and Milton, ib.
Instinct, the power of it in brutes; 120. The several degrees

of it in several different animals, 519.
Integrity, great care to be taken of it. 557.
Interest. -The ready way to promote our interest in the

world, 394. Often a promoter of persecution, 185.
Intrepidity of a just, good man, taken from Horace, 615.
Invention, the most painful action of the mind, 187.
Invitation, the Spectator's, to all artificers as well as philoso-
phers to assist him, 428, 442. A general one,

ib.
John a Nokes and John a Stiles, their petition, 577.
Jolly (Frank, Esq.) his memorial from the country infirmary,

429.
Journal, a week of a deceased citizen's journal, presented by

sir Andrew Freeport to the Spectator's club, 317. The

use of such a journal, ib.
Iras, her character, 404.
Irish gentlemen, widow-hunters, 561.
Irony, who deal in it, 438.
Irresolution, from whence arising, 151.
Irus, the great artifice of Irus, 264.
Irus's fear of poverty, and effects of it, 114.
Isadas, the Spartan, his valour, 564.
Italian writers, florid and wordy, 5.
Julian, the emperor, an excellent passage out of his Cæsars re-

lating to the imitation of the gods, 634.
July and August (months of) described, 425.
June (month of) described, 425.
Jupiter Ammon, an answer of his oracle to the Athenians, 207.
Jupiter, his first proclamation about griefs and calamities 588.

His second, ib." His just distribution of them, 559.
Justice, the Spartans famous for it, 564. To be esteemed as

the first quality in one who is in a post of power and distinc.

tion, 479.
KENNET (Dr.) his account of the country wakes, 161.
Kimbow (Tho.) states his case in a letter to the Spectator, 24.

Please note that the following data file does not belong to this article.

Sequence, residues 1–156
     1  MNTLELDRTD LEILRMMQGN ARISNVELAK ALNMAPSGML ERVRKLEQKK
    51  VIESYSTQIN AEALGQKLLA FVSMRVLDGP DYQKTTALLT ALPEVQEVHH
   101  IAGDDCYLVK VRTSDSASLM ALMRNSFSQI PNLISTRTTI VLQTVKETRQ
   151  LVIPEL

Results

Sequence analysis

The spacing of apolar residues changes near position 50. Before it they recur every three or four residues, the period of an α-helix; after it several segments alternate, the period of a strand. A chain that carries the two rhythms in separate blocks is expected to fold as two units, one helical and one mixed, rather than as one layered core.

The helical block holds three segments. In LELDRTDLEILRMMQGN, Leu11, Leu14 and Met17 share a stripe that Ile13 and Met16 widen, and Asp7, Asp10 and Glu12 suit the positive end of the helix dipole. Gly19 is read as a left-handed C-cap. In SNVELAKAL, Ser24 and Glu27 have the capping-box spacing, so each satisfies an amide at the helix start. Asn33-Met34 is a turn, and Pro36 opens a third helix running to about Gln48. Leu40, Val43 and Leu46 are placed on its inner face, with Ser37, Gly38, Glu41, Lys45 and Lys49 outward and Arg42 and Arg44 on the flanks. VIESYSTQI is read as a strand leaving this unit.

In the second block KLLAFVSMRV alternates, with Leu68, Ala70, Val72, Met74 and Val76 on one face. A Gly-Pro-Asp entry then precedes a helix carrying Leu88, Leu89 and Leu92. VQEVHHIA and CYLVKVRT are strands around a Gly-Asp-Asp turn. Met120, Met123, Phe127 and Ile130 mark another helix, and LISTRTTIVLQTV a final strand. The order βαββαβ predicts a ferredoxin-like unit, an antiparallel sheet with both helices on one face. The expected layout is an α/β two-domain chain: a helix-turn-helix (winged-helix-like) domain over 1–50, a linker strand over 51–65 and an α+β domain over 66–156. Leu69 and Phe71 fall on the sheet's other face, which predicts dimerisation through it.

King Lear, a tragedy, suffers in the alteration, 40.

SOL, X.

1

E E

Kissing-dances censured, 67.
Kitty, a famous town girl, 187.
Knowledge, the pursuits of it long, but not tedious, 94. The

only means to extend life beyond its natural dimensions, ib.
The main sources of it, 287. Ought to be communicative,
379. Of one's self, rules for it, 399.

LABOUR; bodily labour of two kinds, 115.
Lacedæmonians, their delicacies in their sense of glory, 188.

A form of prayer used by them, 207.
Ladies, not to mind party, 607.
Ladylove (Bartholomew) his petition to the Spectator, 334.
Lady's library described, 37.
Larrtes, his character in distinction from that of Irus, 114.
Lætitia and Daphne, their story, 33.
Lampoons written by people that cannot spell, 16. Witty

lampoons inflict wounds that are incurable, 23. The in-

human barbarity of the ordinary scribblers of lampoons, ib.
Lancashire Witches, a comedy censured, 141.
Landscape, a pretty one, 414.
Language (licentious) the brutality of it, 400.
Language, the English, much adulterated during the war, 165.
Languages (European) cold to the Oriental, 405.
Lapirius, his great generosity, 248.
Lapland ode, translated, 406.
Larvati, who so called among the ancients, 32.
Lath ('Squire) has a good estate which he would part withal

for a pair of Legs to his mind, 32.
Latimer, the martyr, his behaviour at a conference with the

papists, 465.
Latin, of great use in a country auditory, 221.